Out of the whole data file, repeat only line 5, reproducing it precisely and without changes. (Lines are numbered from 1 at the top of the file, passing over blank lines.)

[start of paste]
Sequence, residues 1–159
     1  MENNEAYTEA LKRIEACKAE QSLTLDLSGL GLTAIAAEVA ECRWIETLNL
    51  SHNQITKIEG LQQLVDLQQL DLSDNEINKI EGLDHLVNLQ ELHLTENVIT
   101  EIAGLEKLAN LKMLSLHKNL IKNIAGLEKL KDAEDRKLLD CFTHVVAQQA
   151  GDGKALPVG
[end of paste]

   151  GDGKALPVG